Real-Time Implementation of the West Coast Operational Forecast System with Data Assimilation

Jiangtao Xu, NOAA/NOS/CO-OPS, Silver Spring, MD, United States, Alexander L Kurapov, NOAA National Ocean Service, Silver Spring, United States, Eric J Bayler, NOAA/NESDIS/Center for Satellite Applications and Research (STAR), United States, Aijun Zhang, Center for Operational Oceanographic Products and Services (CO-OPS), National Ocean Service (NOS), National Oceanic and Atmospheric Administration (NOAA), Silver Spring, United States, Zachary Burnett, NOAA/NOS/OCS, Silver Spring, MD, United States and Gregory N Seroka, NOAA/National Ocean Service/Coast Survey Development Lab, Silver Spring, MD, United States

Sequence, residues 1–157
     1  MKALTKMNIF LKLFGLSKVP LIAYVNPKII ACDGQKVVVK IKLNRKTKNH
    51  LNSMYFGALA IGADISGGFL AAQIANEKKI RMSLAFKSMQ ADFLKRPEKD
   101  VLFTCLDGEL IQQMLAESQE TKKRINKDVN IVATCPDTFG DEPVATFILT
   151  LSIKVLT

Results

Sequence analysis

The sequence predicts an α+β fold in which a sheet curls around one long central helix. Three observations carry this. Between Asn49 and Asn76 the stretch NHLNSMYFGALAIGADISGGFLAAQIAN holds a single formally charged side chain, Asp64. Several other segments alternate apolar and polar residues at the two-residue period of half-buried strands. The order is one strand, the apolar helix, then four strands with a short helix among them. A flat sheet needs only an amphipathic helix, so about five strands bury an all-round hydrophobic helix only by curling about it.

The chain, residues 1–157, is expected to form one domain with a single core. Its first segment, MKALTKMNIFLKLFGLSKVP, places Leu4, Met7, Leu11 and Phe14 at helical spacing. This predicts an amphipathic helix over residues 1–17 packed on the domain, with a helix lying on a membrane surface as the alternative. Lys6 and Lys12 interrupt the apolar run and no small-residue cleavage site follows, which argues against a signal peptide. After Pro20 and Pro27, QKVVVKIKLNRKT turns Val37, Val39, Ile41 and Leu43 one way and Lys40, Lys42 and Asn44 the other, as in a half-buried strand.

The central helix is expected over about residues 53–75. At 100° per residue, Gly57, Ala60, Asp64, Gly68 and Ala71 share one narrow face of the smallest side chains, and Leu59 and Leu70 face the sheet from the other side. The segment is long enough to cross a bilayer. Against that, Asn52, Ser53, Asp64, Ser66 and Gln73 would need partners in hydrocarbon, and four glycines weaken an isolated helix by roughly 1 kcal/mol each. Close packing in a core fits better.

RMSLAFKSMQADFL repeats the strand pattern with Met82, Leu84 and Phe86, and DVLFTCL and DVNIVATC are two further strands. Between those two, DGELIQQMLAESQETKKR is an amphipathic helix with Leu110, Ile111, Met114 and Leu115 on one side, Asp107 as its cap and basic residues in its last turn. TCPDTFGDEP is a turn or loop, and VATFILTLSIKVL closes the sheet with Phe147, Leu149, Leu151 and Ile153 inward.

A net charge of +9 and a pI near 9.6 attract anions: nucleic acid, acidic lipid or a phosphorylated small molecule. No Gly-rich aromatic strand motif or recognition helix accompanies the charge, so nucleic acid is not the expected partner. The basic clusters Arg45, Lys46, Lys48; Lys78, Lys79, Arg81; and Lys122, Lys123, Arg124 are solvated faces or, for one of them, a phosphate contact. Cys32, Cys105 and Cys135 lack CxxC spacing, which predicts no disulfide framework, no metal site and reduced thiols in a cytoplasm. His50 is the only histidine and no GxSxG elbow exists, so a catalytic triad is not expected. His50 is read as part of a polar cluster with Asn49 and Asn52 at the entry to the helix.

NOAA’s National Ocean Service (NOS) has collaborated with the National Environmental Satellite, Data, and Information Service (NESDIS) to develop the West Coast Operational Forecast System (WCOFS), which will be NOS’ first operational forecast system to incorporate data assimilation capabilities. Based on the Regional Ocean Modeling System (ROMS), WCOFS covers the coastal and shelf waters of Washington, Oregon, and California. It will provide forecast guidance of water level, currents, temperature, and salinity to West Coast communities, from approximately 1000 km offshore to the 10-meter isobath. The forecast guidance can be used to facilitate safe and cost-efficient navigation, identify optimal locations of fishing grounds, inform search and rescue and environmental incident response, and support other ecological applications. The ROMS four-dimensional variational (4DVAR) data assimilation system is used to constrain the initial conditions. Observations of sea surface temperature (SST) from the Visual-Infrared Imaging Radiometer System (VIIRS) and ocean-surface currents measured by high frequency (HF) radar are assimilated into the model on a daily basis. The updated initial conditions are used to drive the next nowcast/forecast cycle. 4DVAR provides dynamically consistent temporal and spatial interpolation of sparse data sets, and extends the influence of the satellite and in situ observations into the future. The assimilation of both the HF radar data and satellite SST constrains eddy variability and currents in frontal regions, which subsequently improves the accuracy of the 3-day forecast. Initial testing of assimilating satellite observations of sea surface height and other sources of SST observations are underway to constrain the model where the VIIRS and HR radar observations are not available and further improve the model forecast skill. Challenges to be addressed within the NOAA operational environment include quality assurance and quality control of real-time observations, pre-processing of the observed and modeled SSH, limited predictability of the high-frequency (tidal, inertial) surface currents, and the timely mitigation of undesirable effects, such as the manifestation of unrealistic warm/cold-water patches, resulting from erroneous and insufficient observations.